Chandhigarh: The Haryana government has directed all civil surgeons, principal medical officers and medical superintendents to make sure treatment is not delayed or denied to any patient who does not have Aadhaar card or any other identity card.

Director general, health services Dr Satish Kumar Aggarwal said they must first provide immediate treatment to patients coming to hospital in serious condition and tackle file work meant for records later. He warned of disciplinary action against those who don’t comply with orders. Aadhaar card is not compulsory for patients in need of treatment in state hospitals, he said.

The decision came after two incidents of patients being refused medical assistance in the absence of Aadhaar card were reported. The first case was that of a pregnant woman refused admittance in the labour ward of a Gurugram hospital for not having an Aadhaar card. She delivered a baby outside the emergency ward.

This was followed by another pregnant woman refused medical assistance in the absence of an Aadhaar card in Ambala civil hospital. She also delivered her baby on the hospital premises.

After these cases, state health minister Anil Vij assured that treatment would not be denied to any patient in the absence of Aadhaar card.

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Gauri Lankesh murder : Hindu Yuva Sena man held in Karnataka

Gauri Lankesh murder case: K T Naveen Kumar, 37, who was arrested on February 18 by the Bengaluru police for illegal possession of bullets, has been named as the first accused in the case.

by Johnson T A | Bengaluru |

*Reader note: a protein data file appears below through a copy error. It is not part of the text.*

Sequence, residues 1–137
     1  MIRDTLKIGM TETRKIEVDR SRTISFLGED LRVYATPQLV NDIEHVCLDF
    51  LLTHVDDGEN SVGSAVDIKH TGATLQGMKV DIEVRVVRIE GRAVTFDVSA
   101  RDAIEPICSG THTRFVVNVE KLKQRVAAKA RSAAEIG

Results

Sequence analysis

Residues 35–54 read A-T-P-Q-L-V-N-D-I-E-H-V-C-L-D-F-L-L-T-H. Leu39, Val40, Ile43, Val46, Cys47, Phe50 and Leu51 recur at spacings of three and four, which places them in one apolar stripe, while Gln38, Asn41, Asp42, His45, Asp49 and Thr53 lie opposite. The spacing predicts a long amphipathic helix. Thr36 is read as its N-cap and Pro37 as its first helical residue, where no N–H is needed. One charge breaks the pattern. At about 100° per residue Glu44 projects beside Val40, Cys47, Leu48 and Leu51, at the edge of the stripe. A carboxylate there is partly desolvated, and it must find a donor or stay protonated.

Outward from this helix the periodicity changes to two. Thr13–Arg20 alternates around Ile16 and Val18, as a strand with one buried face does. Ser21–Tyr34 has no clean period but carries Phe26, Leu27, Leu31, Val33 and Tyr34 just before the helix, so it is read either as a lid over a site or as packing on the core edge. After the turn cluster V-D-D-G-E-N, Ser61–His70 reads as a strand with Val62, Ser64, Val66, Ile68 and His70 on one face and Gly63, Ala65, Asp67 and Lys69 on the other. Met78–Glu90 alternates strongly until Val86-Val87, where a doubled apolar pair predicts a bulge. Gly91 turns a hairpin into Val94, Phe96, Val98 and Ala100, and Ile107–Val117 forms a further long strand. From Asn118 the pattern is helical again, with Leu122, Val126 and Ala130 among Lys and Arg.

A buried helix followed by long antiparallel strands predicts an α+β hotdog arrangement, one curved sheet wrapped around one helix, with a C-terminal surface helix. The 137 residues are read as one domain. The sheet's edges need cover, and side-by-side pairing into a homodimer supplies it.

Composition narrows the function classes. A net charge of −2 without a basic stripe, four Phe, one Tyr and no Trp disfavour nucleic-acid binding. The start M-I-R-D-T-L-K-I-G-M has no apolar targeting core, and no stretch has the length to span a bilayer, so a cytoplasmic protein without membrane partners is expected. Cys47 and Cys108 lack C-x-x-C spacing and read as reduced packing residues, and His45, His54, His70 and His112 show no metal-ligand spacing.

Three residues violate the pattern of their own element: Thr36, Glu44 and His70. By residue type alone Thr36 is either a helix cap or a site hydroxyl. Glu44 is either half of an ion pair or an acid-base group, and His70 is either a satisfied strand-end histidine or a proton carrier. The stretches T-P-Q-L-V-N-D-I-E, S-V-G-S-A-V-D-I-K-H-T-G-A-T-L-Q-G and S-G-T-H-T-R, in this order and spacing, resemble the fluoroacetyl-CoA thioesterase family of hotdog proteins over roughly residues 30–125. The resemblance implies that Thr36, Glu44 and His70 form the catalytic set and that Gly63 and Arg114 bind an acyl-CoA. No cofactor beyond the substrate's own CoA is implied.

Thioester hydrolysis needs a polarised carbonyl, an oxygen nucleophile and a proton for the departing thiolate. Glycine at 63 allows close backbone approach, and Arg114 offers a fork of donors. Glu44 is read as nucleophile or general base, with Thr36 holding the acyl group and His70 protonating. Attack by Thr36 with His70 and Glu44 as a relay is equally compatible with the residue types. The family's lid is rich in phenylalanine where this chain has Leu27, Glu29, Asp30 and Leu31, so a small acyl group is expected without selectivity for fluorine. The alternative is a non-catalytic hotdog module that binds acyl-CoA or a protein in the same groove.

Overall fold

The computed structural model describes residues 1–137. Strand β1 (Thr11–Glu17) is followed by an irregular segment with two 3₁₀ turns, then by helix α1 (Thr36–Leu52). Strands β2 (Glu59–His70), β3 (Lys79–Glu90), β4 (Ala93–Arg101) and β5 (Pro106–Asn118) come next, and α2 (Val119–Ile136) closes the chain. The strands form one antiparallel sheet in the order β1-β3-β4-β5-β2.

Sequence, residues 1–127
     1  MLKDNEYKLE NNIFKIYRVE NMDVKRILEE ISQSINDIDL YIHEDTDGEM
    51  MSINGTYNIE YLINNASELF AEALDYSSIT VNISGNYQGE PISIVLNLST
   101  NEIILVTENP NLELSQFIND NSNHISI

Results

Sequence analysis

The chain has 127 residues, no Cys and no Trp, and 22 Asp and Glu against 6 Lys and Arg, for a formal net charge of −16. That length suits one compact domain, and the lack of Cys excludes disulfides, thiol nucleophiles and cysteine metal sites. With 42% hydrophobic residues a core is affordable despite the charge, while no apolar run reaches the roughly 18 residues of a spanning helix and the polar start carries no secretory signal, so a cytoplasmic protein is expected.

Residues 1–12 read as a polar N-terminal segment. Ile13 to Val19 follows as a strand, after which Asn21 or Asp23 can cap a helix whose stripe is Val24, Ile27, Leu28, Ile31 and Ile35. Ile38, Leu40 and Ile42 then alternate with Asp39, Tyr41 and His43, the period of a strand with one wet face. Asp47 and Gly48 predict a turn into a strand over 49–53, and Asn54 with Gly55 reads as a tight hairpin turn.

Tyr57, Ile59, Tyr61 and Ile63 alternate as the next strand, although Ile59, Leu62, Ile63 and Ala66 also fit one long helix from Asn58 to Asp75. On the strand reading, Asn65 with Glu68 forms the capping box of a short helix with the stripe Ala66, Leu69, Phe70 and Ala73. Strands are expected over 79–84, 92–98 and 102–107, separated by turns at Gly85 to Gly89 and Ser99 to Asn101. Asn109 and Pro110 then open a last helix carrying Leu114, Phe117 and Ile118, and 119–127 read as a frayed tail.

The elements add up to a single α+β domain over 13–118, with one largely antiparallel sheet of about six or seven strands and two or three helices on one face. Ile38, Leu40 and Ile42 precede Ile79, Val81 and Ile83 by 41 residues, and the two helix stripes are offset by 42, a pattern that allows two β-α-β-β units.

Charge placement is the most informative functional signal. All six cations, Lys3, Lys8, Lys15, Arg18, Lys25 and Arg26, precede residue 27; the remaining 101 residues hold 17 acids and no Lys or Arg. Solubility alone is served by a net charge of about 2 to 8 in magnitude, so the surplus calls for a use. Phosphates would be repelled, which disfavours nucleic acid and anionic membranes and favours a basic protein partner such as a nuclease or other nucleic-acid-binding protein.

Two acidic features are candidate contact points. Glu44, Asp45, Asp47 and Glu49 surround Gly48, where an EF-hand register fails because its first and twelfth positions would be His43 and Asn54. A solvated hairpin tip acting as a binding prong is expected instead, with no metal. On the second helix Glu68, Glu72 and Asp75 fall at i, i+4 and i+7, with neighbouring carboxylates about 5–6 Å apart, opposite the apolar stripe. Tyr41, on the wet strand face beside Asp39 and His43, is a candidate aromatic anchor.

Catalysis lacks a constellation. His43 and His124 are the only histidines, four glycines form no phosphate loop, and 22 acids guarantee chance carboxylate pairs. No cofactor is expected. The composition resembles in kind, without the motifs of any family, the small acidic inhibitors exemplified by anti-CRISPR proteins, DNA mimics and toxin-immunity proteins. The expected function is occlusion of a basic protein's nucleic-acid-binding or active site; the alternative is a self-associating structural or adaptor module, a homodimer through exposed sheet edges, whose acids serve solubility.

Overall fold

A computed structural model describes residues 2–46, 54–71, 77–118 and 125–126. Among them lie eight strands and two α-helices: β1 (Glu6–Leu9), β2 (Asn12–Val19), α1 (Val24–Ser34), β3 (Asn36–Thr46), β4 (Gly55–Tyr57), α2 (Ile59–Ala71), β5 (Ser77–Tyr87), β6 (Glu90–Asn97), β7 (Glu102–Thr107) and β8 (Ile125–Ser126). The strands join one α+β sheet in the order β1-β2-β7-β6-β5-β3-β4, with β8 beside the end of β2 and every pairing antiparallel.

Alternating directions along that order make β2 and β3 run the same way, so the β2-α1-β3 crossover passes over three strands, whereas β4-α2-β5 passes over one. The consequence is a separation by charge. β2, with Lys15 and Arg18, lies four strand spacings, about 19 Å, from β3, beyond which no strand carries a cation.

gauri lankesh, gauri lankesh murder case, gauri lankesh sit probe, kt naveen kumar, gauri lankesh arrest, journalist gauri lankeshGauri Lankesh murder case: When Kumar was produced before the court of an additional chief metropolitan magistrate, the SIT gave the court a sealed copy of a confession statement given by him about his involvement in the murder. (File)A Special Investigation Team (SIT) probing the September 5, 2017 killing of journalist-activist Gauri Lankesh, 55, carried out its first arrest in the case on Friday. K T Naveen Kumar, 37, who was arrested on February 18 by the Bengaluru Police for illegal possession of bullets, has been named as the first accused in the case.

The SIT arrested Kumar, a resident of Maddur in Mandya, after informing a magistrate’s court in Bengaluru that it had found evidence of his involvement in the Gauri Lankesh murder in the course of the investigation into the illegal arms case for which he was arrested on February 18.

The SIT initially sought a warrant for Kumar’s arrest in the Gauri Lankesh case — shortly after he was remanded in judicial custody in the illegal arms case — citing voluntary statements given by some of Kumar’s friends about his links to the Gauri Lankesh murder.

When Kumar was produced before the court of an additional chief metropolitan magistrate, the SIT gave the court a sealed copy of a confession statement given by him about his involvement in the murder. An assistant public prosecutor, Nirmala Rani, presented a remand plea to the court seeking police custody of Kumar for eight days in order to unearth the larger conspiracy and materials used in the crime.

“At present, only one accused has been named. Others will be added after investigations. This suspect was traced on the basis of CCTV footage,” said Rani. Kumar was arrested under the jurisdiction of the Upparpet police station in west Bengaluru on February 18 based on a complaint filed by a crime branch official stating that he was caught with bullets in the city bus stand.